People in different parts of India have different naming conventions. Each region, caste, community, the family has its own conventions. In most parts of India, the first name of a person is used and the surname follows it, but in southern and some of the western states the name follows father’s name and then the surname of the person.
In Northern India, a person’s name very often has two parts, the first is his/her personal name, the second is the family name. North Indian males have the First name, Middle name, Surname as naming convention, while for females it is the First name, Middle name, Father’s surname before marriage, and Husband surname after marriage. Sikhs, however, uses “Singh” (meaning “Lion“) as the middle name for all males and “Kaur” (meaning “Princess“) as the middle name for all the women.
In Western India, a person has three names. The first one identifies the individual, the second one is the father’s name and the third is the family name. Certain places, the person has a different birth name and official name. Birth name is selected according to the person’s horoscope.
In South India, a person has four names. The first denotes the village of origin, the second is the father’s name, the third is the person’s given name and the fourth signifies caste.
In the English-language naming convention, a given “first” name, a surname “family name”, and sometimes a middle name are used.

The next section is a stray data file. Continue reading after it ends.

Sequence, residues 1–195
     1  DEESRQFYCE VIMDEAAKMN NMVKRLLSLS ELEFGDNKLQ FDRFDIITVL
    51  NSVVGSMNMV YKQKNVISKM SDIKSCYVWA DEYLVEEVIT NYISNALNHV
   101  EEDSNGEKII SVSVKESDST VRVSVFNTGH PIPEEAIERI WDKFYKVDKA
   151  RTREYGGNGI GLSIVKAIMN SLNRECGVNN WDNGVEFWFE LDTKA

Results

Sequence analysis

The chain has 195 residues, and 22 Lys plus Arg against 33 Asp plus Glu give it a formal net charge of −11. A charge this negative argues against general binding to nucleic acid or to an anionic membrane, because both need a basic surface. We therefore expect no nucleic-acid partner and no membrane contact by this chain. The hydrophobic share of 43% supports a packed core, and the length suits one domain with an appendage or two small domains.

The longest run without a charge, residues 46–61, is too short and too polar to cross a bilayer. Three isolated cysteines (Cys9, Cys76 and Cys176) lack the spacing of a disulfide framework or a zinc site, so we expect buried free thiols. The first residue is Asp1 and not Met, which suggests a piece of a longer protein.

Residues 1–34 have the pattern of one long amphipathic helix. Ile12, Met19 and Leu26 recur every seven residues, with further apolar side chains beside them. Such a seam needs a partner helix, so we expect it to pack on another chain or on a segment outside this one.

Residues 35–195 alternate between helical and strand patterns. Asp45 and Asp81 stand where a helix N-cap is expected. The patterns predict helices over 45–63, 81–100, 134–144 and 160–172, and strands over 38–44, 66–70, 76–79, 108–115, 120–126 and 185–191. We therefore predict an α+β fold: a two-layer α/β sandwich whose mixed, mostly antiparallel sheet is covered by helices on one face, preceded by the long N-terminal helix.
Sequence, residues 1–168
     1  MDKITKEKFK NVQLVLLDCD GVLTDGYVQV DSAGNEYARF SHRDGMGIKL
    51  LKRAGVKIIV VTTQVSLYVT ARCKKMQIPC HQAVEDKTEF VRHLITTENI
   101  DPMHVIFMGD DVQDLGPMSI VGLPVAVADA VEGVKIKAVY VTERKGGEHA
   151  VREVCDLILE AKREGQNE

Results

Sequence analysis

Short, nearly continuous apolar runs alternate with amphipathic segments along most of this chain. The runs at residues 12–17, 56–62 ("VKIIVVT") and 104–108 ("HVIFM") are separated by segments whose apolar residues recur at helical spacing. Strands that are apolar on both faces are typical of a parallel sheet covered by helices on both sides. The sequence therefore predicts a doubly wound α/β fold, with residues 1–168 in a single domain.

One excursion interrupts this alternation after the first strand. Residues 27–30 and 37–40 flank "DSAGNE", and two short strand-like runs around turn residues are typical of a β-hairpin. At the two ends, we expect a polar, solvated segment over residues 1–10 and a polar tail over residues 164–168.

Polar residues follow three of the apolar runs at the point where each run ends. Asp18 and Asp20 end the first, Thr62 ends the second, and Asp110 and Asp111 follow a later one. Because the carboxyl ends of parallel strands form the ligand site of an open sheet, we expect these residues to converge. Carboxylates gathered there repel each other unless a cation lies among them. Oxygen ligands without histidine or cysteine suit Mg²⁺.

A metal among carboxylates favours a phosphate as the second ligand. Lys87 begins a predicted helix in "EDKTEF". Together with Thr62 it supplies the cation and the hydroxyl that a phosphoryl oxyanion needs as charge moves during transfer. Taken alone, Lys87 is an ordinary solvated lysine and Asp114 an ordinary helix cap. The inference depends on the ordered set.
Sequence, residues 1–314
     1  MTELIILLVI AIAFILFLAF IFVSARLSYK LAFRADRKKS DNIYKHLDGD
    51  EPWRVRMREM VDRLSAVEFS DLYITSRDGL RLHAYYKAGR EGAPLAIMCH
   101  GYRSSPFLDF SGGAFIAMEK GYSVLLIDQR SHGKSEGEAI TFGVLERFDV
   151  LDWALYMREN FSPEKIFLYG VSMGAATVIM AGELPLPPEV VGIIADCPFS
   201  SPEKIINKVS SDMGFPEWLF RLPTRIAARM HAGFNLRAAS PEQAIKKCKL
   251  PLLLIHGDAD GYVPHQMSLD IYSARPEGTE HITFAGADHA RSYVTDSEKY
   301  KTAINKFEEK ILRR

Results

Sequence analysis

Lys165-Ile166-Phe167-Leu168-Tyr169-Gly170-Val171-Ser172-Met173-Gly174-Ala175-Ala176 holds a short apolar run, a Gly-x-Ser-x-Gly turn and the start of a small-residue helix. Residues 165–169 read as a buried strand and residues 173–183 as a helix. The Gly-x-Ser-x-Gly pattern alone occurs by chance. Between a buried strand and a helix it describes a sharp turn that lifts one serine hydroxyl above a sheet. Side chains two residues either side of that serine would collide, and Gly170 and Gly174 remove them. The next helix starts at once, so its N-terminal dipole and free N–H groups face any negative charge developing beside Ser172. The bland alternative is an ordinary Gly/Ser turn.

That system is not used in India, however, Indian’s in the Northern, Western and Eastern regions seemed to adapt more easily to this naming convention. They have a first, middle, and last name, but Southern region Indians have a complex naming system.
A complete, spelled-out southern Indian name typically contains the name of the native (or ancestral) village, the father’s name, the given name, and occasionally the caste title.
Lets us take an example of the famous yoga guru B.K.S Iyengar. The B stands for his birthplace: Belur, the K represents his father’s name (Krishnamachar), the S stands for his first name Sundararajan and Iyengar is his caste name.
Long names with complicated syllables are part of our culture and nowadays, South Indian parents in urban India, seek short names for their children. As South Indian experience difficulties when they go abroad, the issue of surnames does not arise as people use initials. The expansion of initials given in the passport in place of surnames poses problems outside India.
William Shakespeare had said, “What is in a name?” Let us guess he had never encountered a long south Indian name, otherwise, he should have said: “Everything is in a name”.